To make this sandwich: Heat up your panini press, grill, or pan. Halve your bread (a bit stale is fine). Spread pesto (see quick recipe below) all over both halves. Layer one half with slices of creamy Havarti (cheddar, Monterey Jack, or mozzarella work as well). Drape as many anchovy fillets as you like -- I prefer those packed in oil -- over the cheese. There is plenty of oil on the inside of this sandwich, so no need to oil the outside. Grill. If you’re using a pan or a grill, you can mimic a panini press by placing something heavy like the bottom of a cast iron pan or a brick wrapped in tin foil on the sandwich as it cooks. It’s done when the bread is browned and the cheese just starts to ooze out the sides. Eat right away.

To make a quick pesto: I use my mortar and pestle, but you could use a food processor, blender, or the kitchen counter and a chef's knife. Make a paste out of one clove of garlic and one anchovy. Add a handful of toasted warm nuts (almonds, walnuts, pine nuts, or a combination). Blend vigorously until it’s almost creamy (a little remaining crunch is fine). Add a handful of herbs (try a combination of basil, parsley, and arugula). Blend until you have a thick green paste (again, some chunks are fine). Add a pinch or two of lemon zest, a splash of lemon juice, a drizzle of sherry wine vinegar, a glug of olive oil, and a pinch of salt. Mix. Taste. Adjust seasoning. If you have a slice of avocado lying about you can add that as well for some additional creaminess. If you want, loosen it up with some more olive oil. Taste again. Adjust seasoning.

Photos by Phyllis Grant

Listen Now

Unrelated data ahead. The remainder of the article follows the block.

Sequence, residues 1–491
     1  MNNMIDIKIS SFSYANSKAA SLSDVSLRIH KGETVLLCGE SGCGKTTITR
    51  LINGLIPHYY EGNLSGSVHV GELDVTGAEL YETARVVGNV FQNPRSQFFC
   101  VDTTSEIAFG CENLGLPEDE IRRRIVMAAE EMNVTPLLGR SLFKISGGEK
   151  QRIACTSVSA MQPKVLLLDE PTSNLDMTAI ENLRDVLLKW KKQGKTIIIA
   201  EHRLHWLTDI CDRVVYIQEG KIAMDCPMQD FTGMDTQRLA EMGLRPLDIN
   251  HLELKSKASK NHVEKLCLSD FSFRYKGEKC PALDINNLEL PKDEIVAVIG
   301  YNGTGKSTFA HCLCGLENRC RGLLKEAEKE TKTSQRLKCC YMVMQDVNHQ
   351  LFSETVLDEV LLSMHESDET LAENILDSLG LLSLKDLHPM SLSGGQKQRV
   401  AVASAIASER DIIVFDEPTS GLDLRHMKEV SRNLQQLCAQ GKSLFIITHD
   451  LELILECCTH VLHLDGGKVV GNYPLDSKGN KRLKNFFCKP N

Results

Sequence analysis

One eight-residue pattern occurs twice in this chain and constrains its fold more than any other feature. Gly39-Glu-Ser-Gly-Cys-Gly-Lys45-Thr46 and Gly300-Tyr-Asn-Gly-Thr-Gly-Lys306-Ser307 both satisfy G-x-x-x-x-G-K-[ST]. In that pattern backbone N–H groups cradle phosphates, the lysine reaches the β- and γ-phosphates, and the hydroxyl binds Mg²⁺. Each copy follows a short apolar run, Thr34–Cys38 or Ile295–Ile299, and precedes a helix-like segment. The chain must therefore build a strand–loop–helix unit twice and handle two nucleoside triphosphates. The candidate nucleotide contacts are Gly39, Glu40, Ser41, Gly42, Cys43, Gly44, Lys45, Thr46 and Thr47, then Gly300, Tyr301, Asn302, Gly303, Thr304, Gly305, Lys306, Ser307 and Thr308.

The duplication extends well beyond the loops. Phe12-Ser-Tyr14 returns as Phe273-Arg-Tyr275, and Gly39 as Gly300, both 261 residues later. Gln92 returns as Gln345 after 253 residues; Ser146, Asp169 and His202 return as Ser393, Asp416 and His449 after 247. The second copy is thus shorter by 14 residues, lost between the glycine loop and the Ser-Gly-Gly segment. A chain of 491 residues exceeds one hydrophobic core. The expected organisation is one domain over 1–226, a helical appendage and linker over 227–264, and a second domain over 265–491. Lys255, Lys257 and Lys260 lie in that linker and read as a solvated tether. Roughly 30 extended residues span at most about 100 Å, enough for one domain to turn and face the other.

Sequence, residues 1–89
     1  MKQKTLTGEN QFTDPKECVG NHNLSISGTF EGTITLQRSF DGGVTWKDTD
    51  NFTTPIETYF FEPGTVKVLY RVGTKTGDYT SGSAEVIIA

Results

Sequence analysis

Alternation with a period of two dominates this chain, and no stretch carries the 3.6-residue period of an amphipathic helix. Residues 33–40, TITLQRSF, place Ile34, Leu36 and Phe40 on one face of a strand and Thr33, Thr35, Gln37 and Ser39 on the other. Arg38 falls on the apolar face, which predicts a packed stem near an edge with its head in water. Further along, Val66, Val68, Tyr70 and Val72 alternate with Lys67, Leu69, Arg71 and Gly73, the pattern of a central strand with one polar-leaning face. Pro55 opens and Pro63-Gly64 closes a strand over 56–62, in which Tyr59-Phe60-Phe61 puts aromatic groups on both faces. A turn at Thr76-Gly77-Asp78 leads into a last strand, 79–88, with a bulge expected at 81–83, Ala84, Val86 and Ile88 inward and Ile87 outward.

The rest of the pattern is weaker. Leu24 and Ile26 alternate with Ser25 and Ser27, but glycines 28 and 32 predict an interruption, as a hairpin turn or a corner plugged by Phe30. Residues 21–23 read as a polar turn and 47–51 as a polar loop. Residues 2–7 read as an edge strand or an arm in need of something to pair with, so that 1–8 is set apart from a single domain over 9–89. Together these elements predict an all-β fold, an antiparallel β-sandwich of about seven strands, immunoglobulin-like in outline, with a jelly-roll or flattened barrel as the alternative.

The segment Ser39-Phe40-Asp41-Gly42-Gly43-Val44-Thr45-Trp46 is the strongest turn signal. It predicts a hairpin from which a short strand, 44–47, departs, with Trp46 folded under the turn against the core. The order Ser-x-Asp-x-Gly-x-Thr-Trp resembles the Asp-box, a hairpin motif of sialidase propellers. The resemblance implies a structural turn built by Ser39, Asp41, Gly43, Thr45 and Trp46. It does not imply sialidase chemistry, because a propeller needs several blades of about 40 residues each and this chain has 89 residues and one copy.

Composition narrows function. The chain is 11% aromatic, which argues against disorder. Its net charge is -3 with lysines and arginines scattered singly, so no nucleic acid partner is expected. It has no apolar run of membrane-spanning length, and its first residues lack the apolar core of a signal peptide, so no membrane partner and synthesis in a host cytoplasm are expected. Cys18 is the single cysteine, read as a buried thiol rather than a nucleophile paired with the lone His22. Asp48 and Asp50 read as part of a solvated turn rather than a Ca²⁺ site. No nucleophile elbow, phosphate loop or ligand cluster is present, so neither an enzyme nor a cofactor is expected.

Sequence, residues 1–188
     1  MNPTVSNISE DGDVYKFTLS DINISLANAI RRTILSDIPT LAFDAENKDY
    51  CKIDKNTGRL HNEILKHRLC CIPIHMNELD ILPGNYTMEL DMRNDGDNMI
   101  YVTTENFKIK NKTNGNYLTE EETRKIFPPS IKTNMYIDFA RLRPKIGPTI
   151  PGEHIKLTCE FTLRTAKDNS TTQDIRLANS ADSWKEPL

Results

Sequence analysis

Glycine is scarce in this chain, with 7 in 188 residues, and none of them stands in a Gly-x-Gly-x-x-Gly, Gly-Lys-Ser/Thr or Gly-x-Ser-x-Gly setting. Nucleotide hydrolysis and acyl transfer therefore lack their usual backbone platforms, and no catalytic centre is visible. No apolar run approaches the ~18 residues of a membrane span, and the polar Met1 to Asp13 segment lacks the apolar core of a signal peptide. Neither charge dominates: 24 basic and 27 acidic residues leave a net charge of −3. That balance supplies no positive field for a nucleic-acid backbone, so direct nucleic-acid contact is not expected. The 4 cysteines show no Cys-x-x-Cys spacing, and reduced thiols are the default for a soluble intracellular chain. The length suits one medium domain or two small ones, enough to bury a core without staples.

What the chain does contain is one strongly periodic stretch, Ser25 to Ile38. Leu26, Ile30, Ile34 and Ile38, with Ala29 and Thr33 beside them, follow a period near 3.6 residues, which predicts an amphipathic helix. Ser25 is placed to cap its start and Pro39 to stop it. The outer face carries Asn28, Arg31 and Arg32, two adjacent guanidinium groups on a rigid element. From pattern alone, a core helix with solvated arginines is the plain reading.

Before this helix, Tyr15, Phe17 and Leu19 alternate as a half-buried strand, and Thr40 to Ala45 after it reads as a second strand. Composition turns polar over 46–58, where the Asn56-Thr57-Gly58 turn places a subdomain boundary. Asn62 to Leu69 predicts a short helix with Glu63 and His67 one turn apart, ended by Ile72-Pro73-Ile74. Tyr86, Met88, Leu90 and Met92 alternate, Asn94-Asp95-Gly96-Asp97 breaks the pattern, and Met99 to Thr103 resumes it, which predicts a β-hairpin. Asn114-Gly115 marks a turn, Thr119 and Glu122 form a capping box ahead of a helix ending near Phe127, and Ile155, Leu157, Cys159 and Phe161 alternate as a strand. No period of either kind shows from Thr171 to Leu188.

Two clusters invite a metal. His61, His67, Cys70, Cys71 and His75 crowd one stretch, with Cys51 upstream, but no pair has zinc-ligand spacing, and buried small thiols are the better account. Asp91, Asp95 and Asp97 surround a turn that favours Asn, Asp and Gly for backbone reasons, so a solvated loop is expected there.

Join The Sandwich Universe co-hosts (and longtime BFFs) Molly Baz and Declan Bond as they dive deep into beloved, iconic sandwiches.

Listen Now

See what other Food52 readers are saying.

  • Cedarglen
  • Maria Stuart
    Maria Stuart
  • Marian Bull
    Marian Bull
  • Brette Warshaw
    Brette Warshaw
  • Kenzi Wilbur
    Kenzi Wilbur
Phyllis Grant is an IACP finalist for Personal Essays/Memoir Writing and a three-time Saveur Food Blog Awards finalist for her blog, Dash and Bella. Her essays and recipes have been published in a dozen anthologies and cookbooks including Best Food Writing 2015 and 2016. Her work has been featured both in print and online for various outlets, including Oprah, The New York Times, Food52, Saveur, The Huffington Post, Time Magazine, The San Francisco Chronicle, Tasting Table and Salon. Her memoir with recipes, Everything Is Out of Control, is coming out April 2020 from Farrar Straus & Giroux. She lives in Berkeley, California with her husband and two children.


Cedarglen July 26, 2013
Wonderful! I always enjoy your posts and now, at Food 52 you'll get more exposure. As always, my favorites are posts that include the kids' participation in preparing food. Best wishes, -C.
Maria S. June 26, 2013
Oh, I want this right now!
Marian B. June 26, 2013
Making this pesto immediately.
Brette W. June 26, 2013
This is EXACTLY what I want right now.
Kenzi W. June 26, 2013
Would it be weird to eat this for breakfast? Because I want to.
Devangi R. June 26, 2013
Totally normal if more than one person wants it for breakfast because even I want it.
Kenzi W. June 26, 2013
Phyllis G. June 26, 2013
i've had this for breakfast.
fiveandspice June 26, 2013
100% perfect for breakfast. If I can get my hands on some havarti I'm trying it tomorrow morning! And will maybe have seconds for lunch.